The Hollies: SOLD OUT
Sorry, this event’s been and gone
|Wed 2 Feb ’11, 8:00pm–10:00pm||
Where: Michael Fowler Centre, 111 Wakefield St, Wellington
Restrictions: All Ages
Event listed by: Sandra Roberts
With more hit singles than The Beatles in the '60s, The Hollies shaped the world of pop music as we know it today. Their mega hits including Air That I Breathe, He Ain’t Heavy, He’s My Brother; Bus Stop, Long Cool Woman (in a black dress) and Carrie Anne, continue to be among the most-played in the world today – testament to just how good this band is.
Along with The Rolling Stones and The Searchers, they are one of the few British pop groups of the early 1960s that have never officially broken up and that continue to record and perform. Inducted into the Rock and Roll Hall of Fame this year and having backed it up with an international tour and best-of album, The Hollies remain as current today as they did three decades ago.
The Hollies proudly announce that they will be bringing their Midas Touch tour to New Zealand this summer – a very special event not to be missed. With a playlist that includes their biggest hits, fans are urged not to delay buying their tickets when they go on sale on Saturday, October 9 for concerts in Tauranga, Matakana, Christchurch, Nelson, New Plymouth, Wellington and Auckland.
New Zealand concert promoters say “it’s an honour to have pop royalty touring this summer. The Hollies have a pedigree most groups can only dream of. This band is one of the biggest of all time. What a thrill it is to be hosting them.”
The tour coincides with the release of a new two-disc, 48 track compilation, The Midas Touch, which focuses on the group’s '60s and '70s recordings but brings their story to the present day with selections from their 2009 album Then, Now, Always plus two previously unissued live recordings from their 2009 tour.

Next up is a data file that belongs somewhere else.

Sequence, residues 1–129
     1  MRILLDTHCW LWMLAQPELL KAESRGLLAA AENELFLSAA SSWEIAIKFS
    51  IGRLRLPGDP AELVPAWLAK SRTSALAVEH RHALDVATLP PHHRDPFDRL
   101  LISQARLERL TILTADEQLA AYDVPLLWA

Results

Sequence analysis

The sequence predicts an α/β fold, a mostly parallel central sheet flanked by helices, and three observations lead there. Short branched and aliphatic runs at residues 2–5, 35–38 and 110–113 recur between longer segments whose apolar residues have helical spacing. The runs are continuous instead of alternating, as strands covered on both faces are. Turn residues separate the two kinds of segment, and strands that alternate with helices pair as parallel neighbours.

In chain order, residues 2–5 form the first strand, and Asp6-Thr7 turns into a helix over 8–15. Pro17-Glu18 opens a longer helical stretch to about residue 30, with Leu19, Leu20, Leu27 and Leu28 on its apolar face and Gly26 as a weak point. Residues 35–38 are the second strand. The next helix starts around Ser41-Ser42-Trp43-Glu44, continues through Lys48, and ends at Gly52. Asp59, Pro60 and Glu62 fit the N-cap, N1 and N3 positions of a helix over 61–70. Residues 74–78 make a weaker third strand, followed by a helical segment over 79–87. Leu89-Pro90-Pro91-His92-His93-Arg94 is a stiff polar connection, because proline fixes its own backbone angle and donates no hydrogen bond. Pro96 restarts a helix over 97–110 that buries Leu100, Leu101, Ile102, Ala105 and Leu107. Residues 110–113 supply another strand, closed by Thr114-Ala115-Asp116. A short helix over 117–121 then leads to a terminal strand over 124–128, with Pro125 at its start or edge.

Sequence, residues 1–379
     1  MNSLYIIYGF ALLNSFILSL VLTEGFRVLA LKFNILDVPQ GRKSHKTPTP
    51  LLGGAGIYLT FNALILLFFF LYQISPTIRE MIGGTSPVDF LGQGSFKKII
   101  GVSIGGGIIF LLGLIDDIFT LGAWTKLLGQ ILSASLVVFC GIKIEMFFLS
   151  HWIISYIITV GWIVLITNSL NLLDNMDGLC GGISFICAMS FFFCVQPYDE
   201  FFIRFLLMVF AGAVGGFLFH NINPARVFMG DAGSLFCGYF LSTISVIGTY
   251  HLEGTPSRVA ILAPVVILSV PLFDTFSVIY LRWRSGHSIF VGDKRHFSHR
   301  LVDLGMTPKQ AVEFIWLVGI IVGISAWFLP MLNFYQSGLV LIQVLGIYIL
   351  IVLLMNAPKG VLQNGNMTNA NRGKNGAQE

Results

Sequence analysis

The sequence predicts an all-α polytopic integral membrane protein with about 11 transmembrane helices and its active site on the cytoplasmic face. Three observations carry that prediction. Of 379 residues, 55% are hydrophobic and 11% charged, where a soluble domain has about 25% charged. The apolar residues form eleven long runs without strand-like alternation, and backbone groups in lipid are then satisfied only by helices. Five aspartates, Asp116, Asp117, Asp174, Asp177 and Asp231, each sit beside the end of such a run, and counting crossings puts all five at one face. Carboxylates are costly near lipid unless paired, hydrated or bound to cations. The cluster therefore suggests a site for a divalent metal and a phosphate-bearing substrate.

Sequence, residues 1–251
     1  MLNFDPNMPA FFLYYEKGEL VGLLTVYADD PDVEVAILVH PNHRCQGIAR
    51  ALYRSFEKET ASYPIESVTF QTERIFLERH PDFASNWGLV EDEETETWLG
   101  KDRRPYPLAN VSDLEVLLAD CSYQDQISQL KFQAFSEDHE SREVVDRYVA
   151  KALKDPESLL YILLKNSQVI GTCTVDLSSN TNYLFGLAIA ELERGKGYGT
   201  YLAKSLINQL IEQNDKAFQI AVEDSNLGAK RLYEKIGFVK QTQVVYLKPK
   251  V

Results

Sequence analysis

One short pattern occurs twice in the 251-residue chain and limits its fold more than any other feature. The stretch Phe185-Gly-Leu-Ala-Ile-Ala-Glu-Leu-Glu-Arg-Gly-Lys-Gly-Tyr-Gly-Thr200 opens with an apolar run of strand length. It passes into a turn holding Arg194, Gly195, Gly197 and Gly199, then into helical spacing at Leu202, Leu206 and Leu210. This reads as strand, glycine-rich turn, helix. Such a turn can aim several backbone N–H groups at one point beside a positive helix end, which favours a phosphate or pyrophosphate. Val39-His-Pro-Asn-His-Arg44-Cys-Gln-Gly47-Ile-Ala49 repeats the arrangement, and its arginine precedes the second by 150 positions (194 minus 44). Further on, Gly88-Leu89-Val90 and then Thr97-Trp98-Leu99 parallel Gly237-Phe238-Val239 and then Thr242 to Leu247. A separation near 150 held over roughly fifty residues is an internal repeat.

This new career-spanning anthology includes all the major hits from the '60s such as “We’re Through”, “I’m Alive”, “I Can’t Let Go”, “Bus Stop”, “Stop Stop Stop” and “Carrie Anne”, a string of singles that featured the classic first Hollies line up of Elliott, Hicks, singer Allan Clarke, bassist Eric Haydock (replaced in 1966 by Bernie Calvert) and singer/rhythm guitarist Graham Nash. Nash left the group at the end of 1968 to team up with David Crosby and Stephen Stills, replaced by Terry Sylvester. The hits kept coming under this new line up, including signature songs “He Ain’t Heavy…” and “I Can’t Tell The Bottom From The Top”. Even after founding member Allan Clarke left the group in 1971 (he would return in 1973), the Hollies enjoyed another major hit with “Long Cool Woman In A Black Dress”. It was also No. 1 in the American Billboard charts. “The Air That I Breathe” was a major hit in 1974, reaching No. 2 in the UK charts.
In addition to the plethora of unforgettable hits, The Midas Touch includes album tracks like “Dear Eloise”, “Butterfly”, “Rain On The Window” and “Pay You Back With Interest” plus further hits like “Hey Willy”, “Soldier’s Song” and “Gasoline Alley Bread”. The Midas Touch alludes to another classic Hollies song, "King Midas In Reverse", here given a new mix by Paul Hicks (Tony's son), done at AIR Studios. This new anthology is superb testament to one of Britain’s best loved groups and one of its most original and innovative - combining soaring and distinctive harmonies, brilliantly crafted songs and cultivated, often experimental musicianship and arrangements. The Hollies' catalogue of hits, like that of the Beatles, the Kinks, or the Beach Boys has ensured their longevity, one of the greatest pop groups to emerge in the '60s and whose music remains fresh, yet familiar and timeless.
Unlike so many groups of their day, the Hollies have continued touring and recording without a break: the current six piece line up comprising Hicks and Elliott plus Ray Stiles, bassist and singer, formerly with Mud, now a Hollies member for 25 years, keyboardist Ian Parker, a 20 year veteran with the group, plus relative newcomers guitarist Steve Lauri and lead vocalist Peter Howarth.